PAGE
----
How do viruses make us sick?

Well, it’s not only us that get sick. Thousands of other animals, birds, plants, insects, and even bacteria, get sick, too.
In the first place, a virus can’t do anything to harm anything unless it is inside a cell. As long as it is outside of a cell, on any surface, floating in the air, in the water, on your kitchen counter, or your own skin, or inside your intestine, it can’t do you any harm.
Every cell has little “receptors” on the outside of itself. Some of these are called “docking” areas. The virus finds one of these, into which part of its outer covering can fit (like a key in a lock).
This enables it to go right into the cell.
In the process, its outer covering is lost. Now the genetic material of the virus is floating in the cell.
The virus can convert that material into dioxyribonucleic acid. This DNA goes into the nucleus of the cell and takes over. And it can reproduce.
Finally, the cell is overwhelmed by this new DNA and it dies. But before it dies, it releases a whole host of new viruses to attack other cells. And so it goes, on and on.
As long as there are more viruses, and more cells to get into, this action goes on.
How do we know all this happens? Once more, we can thank the electron microscope, which enables us to actually watch some of these things as they happen.
So the virus continues happily on its way, making more DNA, making more viruses, and pushing them out through the walls of living calls. In this process, the “host” cells can get very sick or die.
Some viruses are the so-called “quiet” ones. These may live in mosquitoes, birds, or other living things for years, not doing them any harm at all. But they can do great harm when they get into humans.
And some can live in humans for years, too, and do no harm. Then they “flare up” and make a person sick.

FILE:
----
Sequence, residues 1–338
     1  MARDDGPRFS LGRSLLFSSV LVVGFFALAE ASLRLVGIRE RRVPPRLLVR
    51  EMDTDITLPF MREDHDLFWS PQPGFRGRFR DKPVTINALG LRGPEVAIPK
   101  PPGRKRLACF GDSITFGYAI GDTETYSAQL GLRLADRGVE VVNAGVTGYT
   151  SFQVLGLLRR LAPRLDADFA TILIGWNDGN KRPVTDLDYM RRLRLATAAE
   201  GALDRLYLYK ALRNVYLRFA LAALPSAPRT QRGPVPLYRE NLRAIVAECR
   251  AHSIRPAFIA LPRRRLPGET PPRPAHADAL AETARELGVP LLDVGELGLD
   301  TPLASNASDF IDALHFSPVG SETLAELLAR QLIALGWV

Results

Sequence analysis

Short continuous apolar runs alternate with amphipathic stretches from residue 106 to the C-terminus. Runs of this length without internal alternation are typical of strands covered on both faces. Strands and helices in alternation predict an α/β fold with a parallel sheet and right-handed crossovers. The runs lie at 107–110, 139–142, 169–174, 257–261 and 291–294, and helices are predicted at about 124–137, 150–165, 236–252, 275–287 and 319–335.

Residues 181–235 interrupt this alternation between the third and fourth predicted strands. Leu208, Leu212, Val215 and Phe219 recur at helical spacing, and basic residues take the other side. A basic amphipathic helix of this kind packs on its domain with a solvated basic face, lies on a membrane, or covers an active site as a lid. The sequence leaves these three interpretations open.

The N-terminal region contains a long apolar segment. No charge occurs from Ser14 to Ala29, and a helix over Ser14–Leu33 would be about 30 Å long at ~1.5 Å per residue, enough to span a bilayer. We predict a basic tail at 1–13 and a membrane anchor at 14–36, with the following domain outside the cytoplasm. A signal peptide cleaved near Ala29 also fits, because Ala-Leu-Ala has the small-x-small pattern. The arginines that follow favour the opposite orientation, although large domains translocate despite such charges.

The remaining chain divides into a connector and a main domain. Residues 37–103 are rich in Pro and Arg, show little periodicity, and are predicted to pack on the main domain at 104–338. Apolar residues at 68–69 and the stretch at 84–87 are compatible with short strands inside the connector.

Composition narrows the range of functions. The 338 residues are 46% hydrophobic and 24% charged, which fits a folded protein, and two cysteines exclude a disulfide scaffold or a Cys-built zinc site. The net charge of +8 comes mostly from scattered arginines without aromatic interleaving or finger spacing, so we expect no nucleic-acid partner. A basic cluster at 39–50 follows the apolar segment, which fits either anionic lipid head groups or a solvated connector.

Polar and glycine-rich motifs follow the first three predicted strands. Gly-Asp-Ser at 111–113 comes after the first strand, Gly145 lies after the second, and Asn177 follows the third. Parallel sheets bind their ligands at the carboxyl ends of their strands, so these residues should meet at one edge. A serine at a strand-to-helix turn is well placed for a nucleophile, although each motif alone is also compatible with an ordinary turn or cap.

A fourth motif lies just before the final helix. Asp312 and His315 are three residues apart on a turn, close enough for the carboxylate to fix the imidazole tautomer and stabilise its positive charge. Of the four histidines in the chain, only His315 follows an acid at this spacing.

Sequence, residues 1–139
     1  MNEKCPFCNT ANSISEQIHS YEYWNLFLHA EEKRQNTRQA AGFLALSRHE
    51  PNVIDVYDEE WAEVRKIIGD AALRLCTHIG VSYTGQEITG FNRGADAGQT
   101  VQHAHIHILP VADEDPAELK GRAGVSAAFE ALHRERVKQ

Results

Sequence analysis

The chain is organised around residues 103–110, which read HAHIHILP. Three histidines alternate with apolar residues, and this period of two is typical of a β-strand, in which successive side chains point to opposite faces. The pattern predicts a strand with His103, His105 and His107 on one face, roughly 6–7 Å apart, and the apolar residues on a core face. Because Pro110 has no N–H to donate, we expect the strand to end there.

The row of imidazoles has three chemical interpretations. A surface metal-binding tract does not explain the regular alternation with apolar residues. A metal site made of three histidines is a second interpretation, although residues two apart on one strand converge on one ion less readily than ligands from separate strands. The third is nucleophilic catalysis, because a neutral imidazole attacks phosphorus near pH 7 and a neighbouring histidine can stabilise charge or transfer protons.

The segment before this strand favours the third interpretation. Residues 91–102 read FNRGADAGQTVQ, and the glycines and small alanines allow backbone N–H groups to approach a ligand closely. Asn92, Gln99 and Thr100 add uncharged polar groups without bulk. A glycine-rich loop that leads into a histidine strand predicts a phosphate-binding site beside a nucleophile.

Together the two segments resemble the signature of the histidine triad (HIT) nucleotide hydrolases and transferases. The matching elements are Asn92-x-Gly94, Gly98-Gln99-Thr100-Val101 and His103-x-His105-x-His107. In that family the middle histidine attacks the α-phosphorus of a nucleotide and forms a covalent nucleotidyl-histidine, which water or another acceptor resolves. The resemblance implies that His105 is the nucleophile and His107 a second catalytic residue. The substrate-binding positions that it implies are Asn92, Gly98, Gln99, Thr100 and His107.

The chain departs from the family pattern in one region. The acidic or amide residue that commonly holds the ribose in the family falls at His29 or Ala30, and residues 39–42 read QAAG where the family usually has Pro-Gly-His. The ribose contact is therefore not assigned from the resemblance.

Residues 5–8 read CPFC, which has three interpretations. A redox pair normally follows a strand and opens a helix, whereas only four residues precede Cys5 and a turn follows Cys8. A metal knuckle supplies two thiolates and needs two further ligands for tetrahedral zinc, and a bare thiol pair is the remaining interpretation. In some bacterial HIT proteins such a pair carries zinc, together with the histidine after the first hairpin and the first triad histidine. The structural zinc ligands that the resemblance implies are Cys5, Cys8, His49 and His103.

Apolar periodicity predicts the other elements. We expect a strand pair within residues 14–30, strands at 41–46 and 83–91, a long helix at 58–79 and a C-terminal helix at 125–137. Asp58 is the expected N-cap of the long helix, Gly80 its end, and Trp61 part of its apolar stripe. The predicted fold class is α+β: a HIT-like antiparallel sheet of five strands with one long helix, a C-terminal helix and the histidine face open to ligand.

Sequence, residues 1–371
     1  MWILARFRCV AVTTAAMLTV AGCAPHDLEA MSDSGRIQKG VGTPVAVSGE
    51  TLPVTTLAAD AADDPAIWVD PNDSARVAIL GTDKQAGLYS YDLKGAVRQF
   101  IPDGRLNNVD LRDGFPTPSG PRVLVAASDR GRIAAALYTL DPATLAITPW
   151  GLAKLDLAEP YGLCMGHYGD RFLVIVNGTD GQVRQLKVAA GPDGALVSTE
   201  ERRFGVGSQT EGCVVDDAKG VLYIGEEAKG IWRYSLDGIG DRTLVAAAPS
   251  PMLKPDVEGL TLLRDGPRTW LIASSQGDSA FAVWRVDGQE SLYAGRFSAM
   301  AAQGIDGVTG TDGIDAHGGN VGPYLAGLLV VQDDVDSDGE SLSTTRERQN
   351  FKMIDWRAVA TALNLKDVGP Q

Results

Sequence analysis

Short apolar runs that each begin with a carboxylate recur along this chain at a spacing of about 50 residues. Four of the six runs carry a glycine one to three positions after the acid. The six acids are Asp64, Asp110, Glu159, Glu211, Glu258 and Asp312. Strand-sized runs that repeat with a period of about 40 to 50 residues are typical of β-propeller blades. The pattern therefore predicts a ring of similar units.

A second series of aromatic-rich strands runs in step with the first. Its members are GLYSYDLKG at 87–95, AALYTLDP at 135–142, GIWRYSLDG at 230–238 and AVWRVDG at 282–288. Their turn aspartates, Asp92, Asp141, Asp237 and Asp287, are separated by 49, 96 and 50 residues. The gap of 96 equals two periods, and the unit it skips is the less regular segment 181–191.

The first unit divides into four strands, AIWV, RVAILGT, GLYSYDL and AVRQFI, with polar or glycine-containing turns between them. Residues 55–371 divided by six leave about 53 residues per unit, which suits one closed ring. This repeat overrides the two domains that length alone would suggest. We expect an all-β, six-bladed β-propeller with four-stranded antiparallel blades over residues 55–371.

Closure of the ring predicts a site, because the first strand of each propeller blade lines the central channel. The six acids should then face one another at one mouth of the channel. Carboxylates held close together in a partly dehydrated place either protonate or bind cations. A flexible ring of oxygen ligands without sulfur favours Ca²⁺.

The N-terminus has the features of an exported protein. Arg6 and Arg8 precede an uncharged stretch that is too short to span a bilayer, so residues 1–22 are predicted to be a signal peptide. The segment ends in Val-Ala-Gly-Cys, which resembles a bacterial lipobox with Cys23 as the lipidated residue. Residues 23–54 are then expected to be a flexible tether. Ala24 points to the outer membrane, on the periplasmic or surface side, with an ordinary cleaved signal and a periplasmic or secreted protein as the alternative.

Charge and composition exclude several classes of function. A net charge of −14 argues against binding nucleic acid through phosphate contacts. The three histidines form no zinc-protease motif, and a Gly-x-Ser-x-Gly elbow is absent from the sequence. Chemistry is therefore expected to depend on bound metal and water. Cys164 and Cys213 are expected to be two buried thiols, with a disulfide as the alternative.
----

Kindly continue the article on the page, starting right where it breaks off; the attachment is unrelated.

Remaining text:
And some may cause cancer changes in cells. These may be triggered by chemicals, irradiation, other viruses, or simply because the person gets old.
Viruses are all around us—in uncountable numbers. So are a lot of other things (bacteria, pollen, spores from lower plants, many kinds of microscopic animals, and so on).
Most of the time, these things don’t hurt us at all. Only once in a while, some change takes place—and the tiny things can affect us.
In a cubic centimetre of soil (about the size of a sugar cube), there may be hundreds and hundreds of living things—most of them too small for us to see. Among these things are certainly viruses.
Viruses are new to us because we only have known about them for less than 100 years. But they have been with us for a very long time. You may have heard about the great influenza epidemic of 1918, in which about 20 million people died.
We know from the pustules on the face of Ramses V that viruses killed the pharaoh nearly 3,000 years ago. Yellow fever and smallpox have been great scourges over the centuries.
We have our modern plagues, such as the dreaded polio not that long ago and now AIDS.
Many viruses change in the course of time. Take the influenza virus, for example. There are several ’flu viruses, and some of them seem to change each year.
So, every year, scientists have to come up with their “best estimate” as to what type of ’flu is going to go around. That’s why the ’flu shot is different every year.
They have done extremely well in their “intelligent guessing” for many years now.
And how are we protected against these tiny, fierce enemies? That’s for my next column.

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